Pacific Northwest International Trade Association
For more information, please contact:
Maria Ellis, Director, Federal Affairs and Executive Director, PNITA, 503-552-6762
Connect with PNITA on Twitter @tradeinOR and on LinkedIn!
join the growing pnita communityThere are many reasons to join PNITA. As a member, you are part of a coalition of companies and organizations in the Pacific Northwest that proactively advocate for federal and state policies that promote fair and free international commerce. Members get access to exclusive events with policy-makers, as well as free or discounted access to events featuring trade experts and thought leaders. PNITA also provides members with timely and relevant news, data and information for those that want to stay in the know on trade.
This first edition of our greater Portland Regional Economic Toolkit represents hours of transparent process and collaboration by our members, as well as trusted research by regional experts on public opinion with DHM Research and economic data analysis by ECONorthwest.
Washington, D.C. fly-in, infrastructure plans and the latest on trade
This policy agenda represents a six-month transparent and member-led process that included more than 150 hours of committee meetings and engagement by members of the Portland Business Alliance, community advocates, nonprofit leaders and government officials
2019 was a busy year for the Pacific Northwest International Trade Association (PNITA). In April, we relaunched PNITA back into action to provide advocacy on trade issues impacting our Pacific Northwest economies. We hired a new Executive Director, established our Executive Committee to help guide our work, and launched our social media presence on LinkedIn and Twitter to share regular updates on trade-related developments and news.
Join us as we celebrate trade and consider nominating a company in international trade
American’s can breathe a small sigh of relief now that they will be spared the 15% tariffs on an additional $160 billion worth of Chinese goods. This moves follows anxiety felt over another round of U.S. tariffs on China, which was set to go into effect on Sunday Dec. 15.
After months of intense negotiations between U.S. Trade Representative Lighthizer and the nine-person USMCA Working Group, which included Oregon Reps. Suzanne Bonamici and Earl Blumenauer, the parties were able to come to an agreement on key improvement for the treaty.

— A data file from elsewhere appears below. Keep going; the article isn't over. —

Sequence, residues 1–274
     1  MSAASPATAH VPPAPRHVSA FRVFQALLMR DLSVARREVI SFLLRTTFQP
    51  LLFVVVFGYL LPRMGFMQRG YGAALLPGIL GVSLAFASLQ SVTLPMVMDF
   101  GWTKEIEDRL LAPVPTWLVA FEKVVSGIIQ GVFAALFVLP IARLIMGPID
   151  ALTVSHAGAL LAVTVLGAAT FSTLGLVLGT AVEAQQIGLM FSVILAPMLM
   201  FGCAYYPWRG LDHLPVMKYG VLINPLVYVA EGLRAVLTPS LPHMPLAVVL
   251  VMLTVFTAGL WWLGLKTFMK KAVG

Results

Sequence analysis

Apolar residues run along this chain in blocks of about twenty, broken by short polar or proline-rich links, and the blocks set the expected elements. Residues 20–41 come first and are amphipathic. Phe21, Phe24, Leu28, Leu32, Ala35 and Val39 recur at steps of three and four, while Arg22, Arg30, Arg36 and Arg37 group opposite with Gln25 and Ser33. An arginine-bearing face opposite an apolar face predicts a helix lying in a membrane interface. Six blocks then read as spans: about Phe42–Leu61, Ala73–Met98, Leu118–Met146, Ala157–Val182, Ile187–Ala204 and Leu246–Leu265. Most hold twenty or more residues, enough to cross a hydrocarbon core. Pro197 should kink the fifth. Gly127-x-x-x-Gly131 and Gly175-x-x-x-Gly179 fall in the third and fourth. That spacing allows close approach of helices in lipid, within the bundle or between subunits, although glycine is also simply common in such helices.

Each year, this trip brings together public, private, and nonprofit leaders from the Portland-metro region to meet with leaders and learn about the issues impacting them most.
A few weeks ago, PNITA circulated a survey to businesses and trade-related partners asking about what they see as the biggest needs and opportunities for supporting trade in Oregon and SW Washington. The insights taken from this survey will be used as the foundation to kick-off PNITA’s strategic planning efforts, which launch on Nov. 1 and wrap-up in January 2020.
On Sept. 25, the U.S. and Japan signed a “mini” trade deal that will provide increased access for U.S. agricultural products. This is great news for Oregon farmers and food producers, as Japan is the top market for soft white wheat grown in the Pacific Northwest, with Oregon exporting 90% of its crop to the country.
After U.S.-China trade negotiations broke down recently, President Trump announced that the administration would move forward with a fourth tranche of tariffs on the remaining $300 billion worth of Chinese imports not yet tariffed, essentially now covering 100% of Chinese goods. While Oregon has a trade surplus with China, our state still imported $3.3 billion in goods last year.
Keep up with latest news about trade in Oregon
Announcing new policy committees and member-driven policy agenda process.
New report highlights the impact of international trade on Oregon's economy and across the Portland region.
Annual Economic Check-up finds disparities in jobs, housing, work-life balance compared to the rest of the region.
Business leaders from across the state converged in our nation’s capital to meet with all seven members of the Oregon congressional delegation, as well as the Chair of the House Committee on Transportation and Infrastructure and chair of the House Subcommittee on Energy and Water Development Appropriations.
On behalf of the Oregon Business Plan delegation, the Alliance led its annual lobbying trip to Washington, D.C., from April 5 to 7.
The Alliance signed on to a letter with Presidents of Oregon’s four major business associations to express concern over possible discussions between the U.S. Government and the Government of Japan that would result in the elimination of Oregon’s only direct flight to Asia.